Art has been an important component of Paul’s life since childhood. It was not until 2008, however, that he began concentrating on the creation of his own artwork and sharing it with a public audience in art exhibits and at art museums.
Inspiration for Paul’s artwork comes from the symbols, traditions, and values inherent in Lakota culture. Circles are a common visual element in Paul’s paintings due to the prominence of the circle in Lakota art and culture. Paul uses a variety of media in his work including acrylics, archival inks, and watercolors.
Many of his pieces are executed on wooden panels, but he also uses canvas and paper as media for his artwork. His art incorporates a modern approach to the rich historical context of the Lakota people.
Paul has received several awards for his work, including Best Emerging Artist at the 2014 Gathering of People, Wind, and Water, A Native art market and cultural celebration, in Rapid City, South Dakota, and Best Two Person Show at the 2014 Omaha Entertainment and Arts Awards in Nebraska. This art exhibit marked the first display of Paul’s artwork in an art museum setting.
October 9 – December 4, 2015
Wesley May, an enrolled member of the Red Lake Band of Chippewa Indians, is a talented painter and muralist. Born in Minneapolis, Minnesota, Wesley now resides in Bemidji, Minnesota, where he works full-time as an artist. Wesley began his artistic career at the age of six, when he began to imitate the drawings of other family members. As a teenager, Wesley began to expand beyond drawing into the realm of painting. Through experimentation and self-discovery, Wesley developed his own unique style of painting over the next several decades.
The first step in Wesley’s creative process is to draw a sketch of a subject that inspires him. He begins with a single line, and then carefully adds additional lines in order to gradually build shapes and forms. Once the drawing is complete, Wesley selects a small vignette from within the larger drawing that will become the subject of the painting. He then applies paint to canvas and begins to create the painting. Using acrylic paints, Wesley works in a freehand style, without the use of underdrawings. The final product is a striking image of flowing lines and bold colors embodied with deep meaning.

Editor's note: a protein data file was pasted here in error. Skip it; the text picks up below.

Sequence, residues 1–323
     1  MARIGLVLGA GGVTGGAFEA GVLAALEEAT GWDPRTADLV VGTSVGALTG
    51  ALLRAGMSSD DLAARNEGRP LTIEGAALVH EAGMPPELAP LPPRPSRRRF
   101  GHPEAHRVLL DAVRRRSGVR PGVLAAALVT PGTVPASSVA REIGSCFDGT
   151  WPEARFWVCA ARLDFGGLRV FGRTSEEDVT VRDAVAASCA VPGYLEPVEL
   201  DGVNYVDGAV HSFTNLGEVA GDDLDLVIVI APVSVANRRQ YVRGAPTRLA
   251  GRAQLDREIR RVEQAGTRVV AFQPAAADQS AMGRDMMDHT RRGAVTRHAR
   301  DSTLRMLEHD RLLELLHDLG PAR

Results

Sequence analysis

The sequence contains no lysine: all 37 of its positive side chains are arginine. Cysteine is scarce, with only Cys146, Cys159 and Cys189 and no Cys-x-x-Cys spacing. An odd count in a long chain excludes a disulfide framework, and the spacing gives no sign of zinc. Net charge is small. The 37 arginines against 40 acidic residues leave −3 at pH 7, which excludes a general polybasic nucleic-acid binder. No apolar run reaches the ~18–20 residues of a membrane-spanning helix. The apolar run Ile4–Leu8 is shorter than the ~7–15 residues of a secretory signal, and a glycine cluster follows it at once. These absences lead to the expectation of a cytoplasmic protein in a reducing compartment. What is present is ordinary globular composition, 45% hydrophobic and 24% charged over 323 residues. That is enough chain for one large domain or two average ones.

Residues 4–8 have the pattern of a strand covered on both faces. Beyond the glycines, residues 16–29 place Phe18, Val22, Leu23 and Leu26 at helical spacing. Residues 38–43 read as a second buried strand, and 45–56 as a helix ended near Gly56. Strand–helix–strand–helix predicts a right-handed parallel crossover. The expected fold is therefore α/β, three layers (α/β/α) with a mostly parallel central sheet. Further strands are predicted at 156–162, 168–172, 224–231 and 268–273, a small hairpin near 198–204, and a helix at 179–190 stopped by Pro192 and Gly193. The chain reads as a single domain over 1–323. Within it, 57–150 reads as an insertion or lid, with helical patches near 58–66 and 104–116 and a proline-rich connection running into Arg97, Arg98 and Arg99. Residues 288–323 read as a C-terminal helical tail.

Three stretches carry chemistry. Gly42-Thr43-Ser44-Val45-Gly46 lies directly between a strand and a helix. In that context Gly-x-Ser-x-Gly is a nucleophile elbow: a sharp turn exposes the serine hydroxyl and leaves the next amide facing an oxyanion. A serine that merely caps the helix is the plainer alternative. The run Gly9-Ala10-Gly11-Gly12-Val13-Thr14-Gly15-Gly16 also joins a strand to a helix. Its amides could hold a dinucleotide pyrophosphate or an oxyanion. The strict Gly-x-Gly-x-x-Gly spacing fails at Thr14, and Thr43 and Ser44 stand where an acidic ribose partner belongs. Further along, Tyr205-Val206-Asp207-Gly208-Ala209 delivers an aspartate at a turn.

Inspiration for Wesley’s work comes from his spiritual beliefs as well as from the individuals who have influenced his life. The four colors of the medicine wheel are an important component of Wesley’s paintings, intended to demonstrate both the beauty and simplicity found in both life and art. He believes that there are no mistakes in art and through live painting demonstrations at art museums Wesley encourages others to create their own artwork and push their artistic boundaries.
Wesley has received numerous awards for his art exhibits including: Contemporary Best of Show at the 2009 Ojibwe Art Expo, Bemidji, Minnesota; Best of Show at the 2008 Red Lake Nation Fair, Red Lake, Minnesota; and Best Representation of Women and Children at the 1997 Red Cloud Indian Art Show, Pine Ridge, South Dakota.
February 5 – April 22, 2016